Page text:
Volume > Issue > “Raising Awareness”: Reducing Philanthropy to Vanity

“Raising Awareness”: Reducing Philanthropy to Vanity

A VERY POST-CHRISTIAN AMERICAN HABIT

By Jason M. Morgan | May 2019
Jason M. Morgan teaches history, language, and philosophy at Reitaku University in Japan.

By any measure, the U.S. is the most charitable nation on earth. A recent Washington Examiner article, for example, highlighting the findings of the Almanac of American Philanthropy, reported that Americans out-donate Canadians and Britons two-to-one, and Italians and Germans 20-to-one. Among our countrymen, “more than half of every single income class except those earning less than $25,000 donate to charity.” If the ideal everywhere is to give until it hurts, then Americans have a much higher tolerance for pain.

This is not a new trend. Alexis de Tocqueville, the French social thinker and philosopher of American life, observed in Democracy in America (1835) that civic institutions were a defining feature of the early Republic. If something needed doing, then Americans banded together to do it. If someone needed help, everyone tended to pitch in. Native American hospitality and Old World communitarianism blended beautifully on the vast North American continent.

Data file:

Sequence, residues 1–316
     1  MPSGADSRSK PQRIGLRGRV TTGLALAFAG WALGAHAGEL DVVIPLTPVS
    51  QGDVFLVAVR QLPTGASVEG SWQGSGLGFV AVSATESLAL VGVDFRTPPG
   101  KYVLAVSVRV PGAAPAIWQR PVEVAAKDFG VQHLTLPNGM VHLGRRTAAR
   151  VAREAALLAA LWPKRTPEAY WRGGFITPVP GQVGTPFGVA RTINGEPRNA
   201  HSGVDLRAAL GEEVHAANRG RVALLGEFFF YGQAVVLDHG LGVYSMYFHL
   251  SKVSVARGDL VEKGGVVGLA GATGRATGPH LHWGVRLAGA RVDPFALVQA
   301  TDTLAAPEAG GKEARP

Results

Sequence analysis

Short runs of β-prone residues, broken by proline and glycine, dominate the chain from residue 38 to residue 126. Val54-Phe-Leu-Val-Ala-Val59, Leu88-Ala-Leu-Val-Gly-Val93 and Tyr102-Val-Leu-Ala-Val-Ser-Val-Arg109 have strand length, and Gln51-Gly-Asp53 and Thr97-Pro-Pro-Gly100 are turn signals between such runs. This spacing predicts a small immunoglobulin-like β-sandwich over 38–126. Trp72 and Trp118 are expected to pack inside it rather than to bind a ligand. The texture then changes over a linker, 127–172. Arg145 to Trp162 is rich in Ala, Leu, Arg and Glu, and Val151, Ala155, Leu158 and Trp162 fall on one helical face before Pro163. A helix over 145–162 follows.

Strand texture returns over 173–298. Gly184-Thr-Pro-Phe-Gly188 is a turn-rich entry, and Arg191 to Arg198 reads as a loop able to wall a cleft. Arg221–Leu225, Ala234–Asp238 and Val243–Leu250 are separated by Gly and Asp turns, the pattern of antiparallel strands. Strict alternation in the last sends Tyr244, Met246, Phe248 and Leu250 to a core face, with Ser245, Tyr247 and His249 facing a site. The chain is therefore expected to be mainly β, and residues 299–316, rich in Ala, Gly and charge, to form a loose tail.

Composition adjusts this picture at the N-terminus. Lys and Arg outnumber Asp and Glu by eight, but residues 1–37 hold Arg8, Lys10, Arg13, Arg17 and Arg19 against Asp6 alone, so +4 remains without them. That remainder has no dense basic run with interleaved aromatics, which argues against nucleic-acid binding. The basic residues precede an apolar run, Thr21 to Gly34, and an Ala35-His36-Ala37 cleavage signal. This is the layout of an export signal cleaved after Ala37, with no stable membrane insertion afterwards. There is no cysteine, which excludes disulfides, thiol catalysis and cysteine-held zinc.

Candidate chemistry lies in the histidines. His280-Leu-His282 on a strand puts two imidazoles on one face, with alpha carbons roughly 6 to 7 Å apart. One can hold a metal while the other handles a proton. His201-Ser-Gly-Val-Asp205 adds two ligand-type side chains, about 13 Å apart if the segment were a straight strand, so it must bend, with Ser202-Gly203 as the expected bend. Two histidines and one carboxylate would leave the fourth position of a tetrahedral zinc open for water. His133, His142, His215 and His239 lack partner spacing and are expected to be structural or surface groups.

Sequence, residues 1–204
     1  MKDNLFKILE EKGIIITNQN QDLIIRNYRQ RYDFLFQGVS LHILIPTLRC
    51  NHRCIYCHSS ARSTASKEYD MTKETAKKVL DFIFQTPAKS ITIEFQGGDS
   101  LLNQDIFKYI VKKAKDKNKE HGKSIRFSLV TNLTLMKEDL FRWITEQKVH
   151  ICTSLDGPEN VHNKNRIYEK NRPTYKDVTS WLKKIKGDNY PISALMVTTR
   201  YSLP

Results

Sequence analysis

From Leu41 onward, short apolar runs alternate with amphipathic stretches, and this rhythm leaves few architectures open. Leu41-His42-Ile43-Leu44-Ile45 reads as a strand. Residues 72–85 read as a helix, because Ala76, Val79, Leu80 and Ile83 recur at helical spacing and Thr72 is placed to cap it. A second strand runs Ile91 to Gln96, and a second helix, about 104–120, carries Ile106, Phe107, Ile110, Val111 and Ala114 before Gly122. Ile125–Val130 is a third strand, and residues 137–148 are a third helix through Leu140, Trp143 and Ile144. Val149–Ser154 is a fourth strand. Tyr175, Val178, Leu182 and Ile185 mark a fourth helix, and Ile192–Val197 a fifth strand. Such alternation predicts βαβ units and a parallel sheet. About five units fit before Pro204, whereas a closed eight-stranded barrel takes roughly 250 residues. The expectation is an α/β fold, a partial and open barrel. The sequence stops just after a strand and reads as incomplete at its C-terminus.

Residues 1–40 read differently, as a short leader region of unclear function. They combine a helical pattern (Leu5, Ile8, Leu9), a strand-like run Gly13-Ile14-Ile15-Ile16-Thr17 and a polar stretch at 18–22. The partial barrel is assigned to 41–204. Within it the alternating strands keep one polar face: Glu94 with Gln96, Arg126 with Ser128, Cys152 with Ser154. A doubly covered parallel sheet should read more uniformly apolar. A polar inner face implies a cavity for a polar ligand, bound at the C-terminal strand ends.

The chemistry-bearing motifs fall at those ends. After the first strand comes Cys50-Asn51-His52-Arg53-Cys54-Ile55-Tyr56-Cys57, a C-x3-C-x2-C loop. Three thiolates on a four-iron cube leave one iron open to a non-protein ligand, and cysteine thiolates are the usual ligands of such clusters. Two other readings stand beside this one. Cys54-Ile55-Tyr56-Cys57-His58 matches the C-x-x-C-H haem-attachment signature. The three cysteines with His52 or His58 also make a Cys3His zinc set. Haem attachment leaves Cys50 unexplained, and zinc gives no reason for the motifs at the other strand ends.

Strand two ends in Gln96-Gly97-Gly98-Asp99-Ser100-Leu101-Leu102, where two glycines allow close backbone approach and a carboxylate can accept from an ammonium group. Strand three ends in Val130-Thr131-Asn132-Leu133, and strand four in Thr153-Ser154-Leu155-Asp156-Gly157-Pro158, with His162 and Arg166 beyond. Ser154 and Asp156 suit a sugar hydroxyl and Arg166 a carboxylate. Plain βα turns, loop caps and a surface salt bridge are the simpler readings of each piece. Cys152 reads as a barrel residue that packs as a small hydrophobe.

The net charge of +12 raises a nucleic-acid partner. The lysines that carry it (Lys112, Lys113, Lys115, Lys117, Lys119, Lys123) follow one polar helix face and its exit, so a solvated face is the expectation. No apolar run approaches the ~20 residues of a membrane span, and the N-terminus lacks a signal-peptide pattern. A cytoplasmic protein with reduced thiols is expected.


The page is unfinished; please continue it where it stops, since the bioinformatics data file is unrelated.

Though it has been a constant among Americans to give of their time, fortune, talents, and even life-blood, the way in which this has been done has changed dramatically. The U.S. is a Protestant nation, after all, and biblical injunctions against ostentation in giving (cf. Mt. 6:2-4) and commands to pray and fast in secret (cf. Mt 6:6) helped temper the temptations of human pride. The heart craves approbation, but the Bible teaches us that the heart is not always to be trusted.

As American Christianity collapsed and society coarsened, however, the old restraints on our fallen natures loosened and fell away. Where once the Bible and Christian decency worked against the tendency to “toot our own horn” as we passed through the streets giving out alms, post-Christian America lurches toward high liberalism and secularism, of which self-congratulation is a distinguishing characteristic.

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